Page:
I hesitate to get anywhere near a debate that Colby occupies for fear that, in the event of disagreement, he would destroy me, but perhaps I might expand on yesterday’s half-hearted and passive-aggressive sigh about the Irish president.
So our constitutional monarchy.
In practice, the system has basically worked. This is probably fairly undeniable. We have a ceremonial head of state and a typically inoffensive governor general, the latter being there on the exceedingly rare occasion that things get complicated and someone has to decide who is going to be prime minister. The country has fared fairly well over the last 146 years and people seem to like the Queen we have now and Prince Charles is basically fine and Prince William seems like a decent person and to change the system would surely invite a number of potential complications and problems that do not presently exist. (I’m not sure I entirely accept the premise that constitutional monarchies necessarily cause stable and healthy democracies, but it at least helps that we have good company in the monarchy club.) Our affinity for the monarchy might rise or ebb depending on the moment, but short of a total barbarian becoming our head of state and proceeding to deeply offend our country—like if Piers Morgan becomes king—it is unlikely that there’ll be any great rush to cut our ties. And absent some kind of crisis involving the governor general and the formation of a government, we might be able to carry on fine without substantive change to the system. (Although how to apply the lessons of the “crisis” of 2008 might be a matter of debate, Michaelle Jean either proving that the system works or demonstrating that we need to do something different. It’s possible to say we should keep the monarchy, but change the way governors general are appointed.)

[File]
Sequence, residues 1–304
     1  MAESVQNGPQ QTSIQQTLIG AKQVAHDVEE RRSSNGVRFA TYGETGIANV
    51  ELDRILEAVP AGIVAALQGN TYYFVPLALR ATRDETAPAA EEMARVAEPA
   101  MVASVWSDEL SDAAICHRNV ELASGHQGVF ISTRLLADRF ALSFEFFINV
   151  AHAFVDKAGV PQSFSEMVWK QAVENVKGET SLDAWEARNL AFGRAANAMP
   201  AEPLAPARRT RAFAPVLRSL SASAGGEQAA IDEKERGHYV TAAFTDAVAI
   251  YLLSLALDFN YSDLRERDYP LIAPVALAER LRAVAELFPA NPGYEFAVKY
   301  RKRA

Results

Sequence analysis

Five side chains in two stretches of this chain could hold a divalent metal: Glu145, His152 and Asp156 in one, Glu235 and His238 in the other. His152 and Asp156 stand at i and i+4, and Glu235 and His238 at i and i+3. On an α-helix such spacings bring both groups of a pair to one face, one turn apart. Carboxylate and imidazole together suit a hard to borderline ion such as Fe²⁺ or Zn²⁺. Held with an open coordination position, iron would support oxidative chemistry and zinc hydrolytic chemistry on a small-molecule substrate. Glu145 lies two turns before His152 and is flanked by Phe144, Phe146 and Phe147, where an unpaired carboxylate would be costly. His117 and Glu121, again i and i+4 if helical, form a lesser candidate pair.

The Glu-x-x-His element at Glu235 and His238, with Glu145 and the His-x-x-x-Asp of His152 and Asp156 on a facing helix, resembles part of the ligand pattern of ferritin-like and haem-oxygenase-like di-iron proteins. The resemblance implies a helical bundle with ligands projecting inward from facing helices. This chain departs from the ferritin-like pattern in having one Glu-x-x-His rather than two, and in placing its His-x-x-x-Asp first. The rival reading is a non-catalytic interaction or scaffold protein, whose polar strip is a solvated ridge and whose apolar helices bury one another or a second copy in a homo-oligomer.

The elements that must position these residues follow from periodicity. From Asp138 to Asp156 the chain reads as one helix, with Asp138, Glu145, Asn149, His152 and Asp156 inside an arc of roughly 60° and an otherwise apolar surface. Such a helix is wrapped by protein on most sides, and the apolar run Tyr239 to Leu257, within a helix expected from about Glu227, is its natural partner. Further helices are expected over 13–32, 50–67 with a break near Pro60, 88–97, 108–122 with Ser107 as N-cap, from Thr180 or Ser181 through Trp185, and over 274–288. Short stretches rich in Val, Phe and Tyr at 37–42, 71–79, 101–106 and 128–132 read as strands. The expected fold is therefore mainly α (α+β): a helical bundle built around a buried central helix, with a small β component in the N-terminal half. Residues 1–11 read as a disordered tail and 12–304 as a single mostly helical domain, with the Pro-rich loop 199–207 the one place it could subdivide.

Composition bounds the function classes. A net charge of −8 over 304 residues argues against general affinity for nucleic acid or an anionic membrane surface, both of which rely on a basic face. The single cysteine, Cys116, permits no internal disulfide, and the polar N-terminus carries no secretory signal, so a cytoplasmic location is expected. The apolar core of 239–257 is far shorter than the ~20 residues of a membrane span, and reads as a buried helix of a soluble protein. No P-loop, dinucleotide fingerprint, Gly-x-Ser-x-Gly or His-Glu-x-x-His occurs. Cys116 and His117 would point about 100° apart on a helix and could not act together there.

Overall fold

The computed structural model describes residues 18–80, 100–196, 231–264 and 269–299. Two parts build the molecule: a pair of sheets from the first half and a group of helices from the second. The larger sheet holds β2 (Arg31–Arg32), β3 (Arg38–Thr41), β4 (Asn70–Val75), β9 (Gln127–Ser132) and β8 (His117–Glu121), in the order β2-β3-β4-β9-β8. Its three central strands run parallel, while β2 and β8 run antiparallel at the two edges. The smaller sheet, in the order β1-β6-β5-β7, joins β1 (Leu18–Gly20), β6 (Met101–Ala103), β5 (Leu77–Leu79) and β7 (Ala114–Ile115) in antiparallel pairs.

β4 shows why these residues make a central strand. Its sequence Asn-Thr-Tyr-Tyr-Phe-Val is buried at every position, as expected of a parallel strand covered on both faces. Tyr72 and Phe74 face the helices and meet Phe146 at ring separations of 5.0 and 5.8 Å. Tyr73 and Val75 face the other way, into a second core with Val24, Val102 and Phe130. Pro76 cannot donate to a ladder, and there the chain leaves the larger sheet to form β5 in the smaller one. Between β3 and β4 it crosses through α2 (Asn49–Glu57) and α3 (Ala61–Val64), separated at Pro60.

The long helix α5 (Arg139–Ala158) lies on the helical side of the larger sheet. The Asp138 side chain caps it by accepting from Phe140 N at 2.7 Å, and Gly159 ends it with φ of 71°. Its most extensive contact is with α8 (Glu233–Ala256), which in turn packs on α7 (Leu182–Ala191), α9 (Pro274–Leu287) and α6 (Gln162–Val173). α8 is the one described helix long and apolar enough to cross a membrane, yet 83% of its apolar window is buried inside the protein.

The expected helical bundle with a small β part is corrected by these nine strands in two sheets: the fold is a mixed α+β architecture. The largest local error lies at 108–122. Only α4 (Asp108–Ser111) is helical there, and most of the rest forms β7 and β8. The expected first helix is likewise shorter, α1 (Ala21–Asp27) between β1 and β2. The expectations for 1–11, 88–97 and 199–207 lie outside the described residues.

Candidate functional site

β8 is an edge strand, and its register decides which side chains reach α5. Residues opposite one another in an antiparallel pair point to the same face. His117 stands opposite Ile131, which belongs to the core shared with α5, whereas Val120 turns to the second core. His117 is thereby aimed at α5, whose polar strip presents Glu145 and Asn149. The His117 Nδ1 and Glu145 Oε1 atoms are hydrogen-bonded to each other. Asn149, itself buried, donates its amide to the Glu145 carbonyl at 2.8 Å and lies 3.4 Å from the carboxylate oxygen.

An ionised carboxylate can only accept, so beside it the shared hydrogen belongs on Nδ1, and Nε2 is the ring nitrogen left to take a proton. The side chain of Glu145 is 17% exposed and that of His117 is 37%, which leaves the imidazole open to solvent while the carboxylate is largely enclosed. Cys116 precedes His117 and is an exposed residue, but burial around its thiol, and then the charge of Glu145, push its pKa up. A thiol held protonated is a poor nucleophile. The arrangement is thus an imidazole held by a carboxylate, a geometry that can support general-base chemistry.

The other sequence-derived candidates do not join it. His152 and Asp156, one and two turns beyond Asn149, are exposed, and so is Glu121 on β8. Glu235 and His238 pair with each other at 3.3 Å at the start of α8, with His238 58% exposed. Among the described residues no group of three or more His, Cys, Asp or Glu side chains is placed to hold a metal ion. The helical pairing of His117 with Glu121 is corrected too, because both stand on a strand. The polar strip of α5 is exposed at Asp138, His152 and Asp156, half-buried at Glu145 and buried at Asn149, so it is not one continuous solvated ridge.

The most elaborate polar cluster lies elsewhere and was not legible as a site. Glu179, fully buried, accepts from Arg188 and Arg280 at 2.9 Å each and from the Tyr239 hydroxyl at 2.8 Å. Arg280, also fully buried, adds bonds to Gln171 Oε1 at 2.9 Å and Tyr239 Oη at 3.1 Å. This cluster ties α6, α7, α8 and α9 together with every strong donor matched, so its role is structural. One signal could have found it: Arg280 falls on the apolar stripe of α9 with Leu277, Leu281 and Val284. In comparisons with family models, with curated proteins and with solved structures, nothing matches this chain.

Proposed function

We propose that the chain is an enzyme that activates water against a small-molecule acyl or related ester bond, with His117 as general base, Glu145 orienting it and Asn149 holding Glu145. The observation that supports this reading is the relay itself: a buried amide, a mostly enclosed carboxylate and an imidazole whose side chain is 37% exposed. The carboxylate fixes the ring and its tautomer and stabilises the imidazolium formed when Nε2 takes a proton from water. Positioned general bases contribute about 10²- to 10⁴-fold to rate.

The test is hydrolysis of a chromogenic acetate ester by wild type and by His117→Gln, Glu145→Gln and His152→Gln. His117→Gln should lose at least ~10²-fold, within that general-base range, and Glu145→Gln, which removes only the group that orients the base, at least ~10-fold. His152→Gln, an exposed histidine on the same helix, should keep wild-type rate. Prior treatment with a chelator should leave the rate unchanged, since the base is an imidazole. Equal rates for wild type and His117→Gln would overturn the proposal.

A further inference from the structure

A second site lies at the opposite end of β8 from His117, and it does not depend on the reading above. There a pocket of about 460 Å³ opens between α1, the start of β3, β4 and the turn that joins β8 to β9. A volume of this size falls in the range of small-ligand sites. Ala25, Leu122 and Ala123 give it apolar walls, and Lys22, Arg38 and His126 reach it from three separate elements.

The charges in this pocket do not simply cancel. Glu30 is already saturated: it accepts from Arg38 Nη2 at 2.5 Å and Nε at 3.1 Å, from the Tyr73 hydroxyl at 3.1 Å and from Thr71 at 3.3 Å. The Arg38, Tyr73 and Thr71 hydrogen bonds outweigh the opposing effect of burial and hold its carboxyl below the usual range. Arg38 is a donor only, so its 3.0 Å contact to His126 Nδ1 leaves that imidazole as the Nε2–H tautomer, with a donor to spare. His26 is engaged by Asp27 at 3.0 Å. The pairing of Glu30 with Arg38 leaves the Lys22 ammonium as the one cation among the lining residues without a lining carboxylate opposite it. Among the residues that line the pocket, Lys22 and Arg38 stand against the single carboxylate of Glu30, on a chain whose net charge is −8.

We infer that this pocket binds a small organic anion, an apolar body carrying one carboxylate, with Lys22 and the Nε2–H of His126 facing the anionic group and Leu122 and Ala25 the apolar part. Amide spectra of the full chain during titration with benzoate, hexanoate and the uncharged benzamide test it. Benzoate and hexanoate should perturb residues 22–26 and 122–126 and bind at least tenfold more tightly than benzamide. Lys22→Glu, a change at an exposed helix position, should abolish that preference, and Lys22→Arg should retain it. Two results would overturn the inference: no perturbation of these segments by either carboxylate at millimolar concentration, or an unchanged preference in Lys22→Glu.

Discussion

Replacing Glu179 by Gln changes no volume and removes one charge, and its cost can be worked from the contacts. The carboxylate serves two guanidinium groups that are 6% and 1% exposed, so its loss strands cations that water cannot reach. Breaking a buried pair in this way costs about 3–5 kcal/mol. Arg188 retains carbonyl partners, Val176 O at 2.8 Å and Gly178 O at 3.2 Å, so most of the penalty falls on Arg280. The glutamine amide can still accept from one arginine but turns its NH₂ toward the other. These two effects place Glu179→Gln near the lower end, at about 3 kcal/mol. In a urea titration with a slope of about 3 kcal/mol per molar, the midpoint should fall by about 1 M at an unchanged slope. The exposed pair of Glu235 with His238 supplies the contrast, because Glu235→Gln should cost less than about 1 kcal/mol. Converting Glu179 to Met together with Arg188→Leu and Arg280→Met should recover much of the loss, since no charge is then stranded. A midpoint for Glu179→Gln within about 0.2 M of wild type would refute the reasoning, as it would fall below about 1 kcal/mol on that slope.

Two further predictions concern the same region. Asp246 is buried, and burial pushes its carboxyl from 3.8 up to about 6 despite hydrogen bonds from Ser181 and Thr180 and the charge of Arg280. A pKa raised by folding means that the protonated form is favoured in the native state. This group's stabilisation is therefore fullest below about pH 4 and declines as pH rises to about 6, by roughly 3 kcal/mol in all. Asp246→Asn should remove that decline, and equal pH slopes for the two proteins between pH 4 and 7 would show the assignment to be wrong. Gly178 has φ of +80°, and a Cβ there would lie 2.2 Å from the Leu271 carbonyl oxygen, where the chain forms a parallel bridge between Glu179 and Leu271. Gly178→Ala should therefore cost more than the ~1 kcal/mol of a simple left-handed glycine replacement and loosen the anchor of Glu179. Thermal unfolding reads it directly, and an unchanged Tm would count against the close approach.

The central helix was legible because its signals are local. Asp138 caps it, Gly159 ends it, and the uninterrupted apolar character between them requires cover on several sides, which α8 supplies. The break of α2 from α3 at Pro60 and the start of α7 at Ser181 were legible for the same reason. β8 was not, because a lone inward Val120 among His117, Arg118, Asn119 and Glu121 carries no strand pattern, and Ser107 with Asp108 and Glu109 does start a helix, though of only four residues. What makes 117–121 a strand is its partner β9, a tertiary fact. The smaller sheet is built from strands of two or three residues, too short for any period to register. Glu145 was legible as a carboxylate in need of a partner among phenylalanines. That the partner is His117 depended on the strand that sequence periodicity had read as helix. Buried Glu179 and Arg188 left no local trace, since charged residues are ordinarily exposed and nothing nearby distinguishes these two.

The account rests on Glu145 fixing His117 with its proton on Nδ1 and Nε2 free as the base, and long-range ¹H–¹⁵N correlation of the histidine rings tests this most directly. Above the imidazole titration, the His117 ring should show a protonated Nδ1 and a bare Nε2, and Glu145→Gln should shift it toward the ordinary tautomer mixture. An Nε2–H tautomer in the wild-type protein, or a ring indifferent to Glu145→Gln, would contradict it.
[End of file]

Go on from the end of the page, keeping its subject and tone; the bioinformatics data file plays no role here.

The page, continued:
That said, it’s still all a bit silly. And if we basically believe in the principles of democracy and equality, we should probably have our own elected head of state—even if only to fulfill the largely ceremonial functions of the governor general—and accept all of the complications of politics and democracy that come with that.
It’s not unlike the debate over the future of the Senate. It can be argued that the Senate we have basically works and that to move to an elected Senate would be to introduce new and unnecessary problems to our formal system of governance. But intellectually it’s problematic that we allow the prime minister to appoint whoever he wants to sit in public office at our expense and exercise power over the work of our democratically elected House of Commons—an existential crisis that becomes harder to bear whenever a senator comes to our attention for having done something like claim a housing allowance they shouldn’t have. By the same token, it can be argued that constitutional monarchy basically works and that to change things would be to introduce the unnecessary potential for new problems. But intellectually it’s problematic that we insist on hanging on to a Queen as if we should have any affinity for such a manifestation of privilege, royalty and the luck of birth—an existential crisis that is easier to bear when the fairy tale figures involved are charming, good-looking and relatively harmless.
In the case of the Senate, of course, we needn’t choose between the intellectually troublesome and practically problematic—we could abolish the chamber entirely. In the case of the monarchy, we’d have to choose to replace it with something. And since it is relatively benign—as opposed to the Senate, which has an active role in our system of governance—it’s easier to leave the monarchy be. They give us something to watch on TV and they periodically deliver cute babies and it’s tradition and there’s relative stability and all that.
But, if we are to still have a king or queen as head of state, we should at least have the self respect to stop pledging allegiance to them. That’s just ridiculous.